Monday, 15 December 2008, Paranaguá, Brazil
For some time now I have been expressing to friends and family that we are getting a little tired, and beginning to look forward to going home. I have been feeling that I was losing my enthusiasm for the journey, and sensed that Juergen was somewhat as well. But the week we have just spent in and around the National Park of Iguazú has changed that dramatically! I have once again felt the joy and excitement brought by seeing and experiencing nature’s remarkable work. Once again, I stood on the brink of a vast ‘hole in the ground’ and there were tears in my eyes as I contemplated the absolute wonder of what I was encountering with all my senses. I am so glad that we made it to the Iguazu Falls and experienced them from both sides.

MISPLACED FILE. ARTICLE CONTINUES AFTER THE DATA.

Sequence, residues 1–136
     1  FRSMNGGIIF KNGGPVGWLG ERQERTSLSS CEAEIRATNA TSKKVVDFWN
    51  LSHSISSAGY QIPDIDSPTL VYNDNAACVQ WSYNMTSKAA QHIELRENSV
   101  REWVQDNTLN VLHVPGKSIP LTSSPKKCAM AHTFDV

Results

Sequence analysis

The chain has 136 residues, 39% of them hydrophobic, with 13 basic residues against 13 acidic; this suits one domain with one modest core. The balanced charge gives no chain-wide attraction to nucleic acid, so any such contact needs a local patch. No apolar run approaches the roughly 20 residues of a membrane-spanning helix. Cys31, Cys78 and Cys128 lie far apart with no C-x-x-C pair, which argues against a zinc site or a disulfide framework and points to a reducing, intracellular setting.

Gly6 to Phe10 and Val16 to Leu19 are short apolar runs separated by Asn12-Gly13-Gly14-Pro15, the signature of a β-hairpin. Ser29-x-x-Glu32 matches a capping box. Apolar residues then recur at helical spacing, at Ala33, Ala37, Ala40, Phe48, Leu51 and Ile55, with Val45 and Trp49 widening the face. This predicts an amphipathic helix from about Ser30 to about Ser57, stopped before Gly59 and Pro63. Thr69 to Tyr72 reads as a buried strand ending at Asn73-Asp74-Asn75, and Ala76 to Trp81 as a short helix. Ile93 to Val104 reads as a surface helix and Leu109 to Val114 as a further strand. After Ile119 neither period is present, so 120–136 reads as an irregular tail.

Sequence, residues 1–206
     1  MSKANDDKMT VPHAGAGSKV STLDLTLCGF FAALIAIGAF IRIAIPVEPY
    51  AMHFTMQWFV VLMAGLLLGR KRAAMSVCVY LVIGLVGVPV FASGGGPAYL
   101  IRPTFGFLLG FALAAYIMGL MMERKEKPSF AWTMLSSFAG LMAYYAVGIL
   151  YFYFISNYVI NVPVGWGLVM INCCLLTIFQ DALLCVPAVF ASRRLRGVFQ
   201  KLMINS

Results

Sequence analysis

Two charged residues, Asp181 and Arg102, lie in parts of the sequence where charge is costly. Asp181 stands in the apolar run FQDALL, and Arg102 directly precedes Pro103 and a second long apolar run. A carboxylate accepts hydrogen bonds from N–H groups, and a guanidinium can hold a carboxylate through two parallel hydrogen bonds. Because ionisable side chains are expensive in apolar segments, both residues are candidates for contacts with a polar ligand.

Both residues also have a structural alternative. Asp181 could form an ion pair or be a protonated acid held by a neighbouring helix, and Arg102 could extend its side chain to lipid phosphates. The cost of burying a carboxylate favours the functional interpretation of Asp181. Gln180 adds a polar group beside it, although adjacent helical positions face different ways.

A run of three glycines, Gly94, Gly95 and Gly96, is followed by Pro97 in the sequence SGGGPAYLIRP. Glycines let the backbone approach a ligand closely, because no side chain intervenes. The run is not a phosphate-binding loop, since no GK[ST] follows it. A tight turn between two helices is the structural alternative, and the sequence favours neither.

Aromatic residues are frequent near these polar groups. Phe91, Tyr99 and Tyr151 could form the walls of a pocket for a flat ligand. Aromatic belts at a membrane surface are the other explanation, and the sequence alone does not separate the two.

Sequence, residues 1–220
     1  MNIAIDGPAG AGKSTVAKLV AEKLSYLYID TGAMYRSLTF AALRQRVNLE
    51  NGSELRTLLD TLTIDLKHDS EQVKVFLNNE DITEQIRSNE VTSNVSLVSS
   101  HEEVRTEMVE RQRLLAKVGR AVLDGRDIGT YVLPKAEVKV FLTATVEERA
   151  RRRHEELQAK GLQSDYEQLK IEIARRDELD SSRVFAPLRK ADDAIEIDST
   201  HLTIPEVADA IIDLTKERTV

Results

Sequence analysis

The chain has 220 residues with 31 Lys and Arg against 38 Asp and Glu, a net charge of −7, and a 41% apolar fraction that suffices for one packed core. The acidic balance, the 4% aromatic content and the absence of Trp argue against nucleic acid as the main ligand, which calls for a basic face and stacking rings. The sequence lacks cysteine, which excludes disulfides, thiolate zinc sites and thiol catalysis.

Iguazu Falls are on the border between Argentina and Brazil, near to Paraguay. We arrived in Brazil from Paraguay on Saturday, and rested at the Paudimar campground on Sunday because we had no desire to share the falls with the weekend crowds. On Sunday evening we met Darlene and John, some fellow travellers from Brisbane, who confirmed our supposition. (They had to wait in a queue for over an hour to just get their ticket and board a bus for the short trip from the visitor’s centre to the walking path.) It was fun to share travelling stories with this couple, who were a pleasant reminder of home.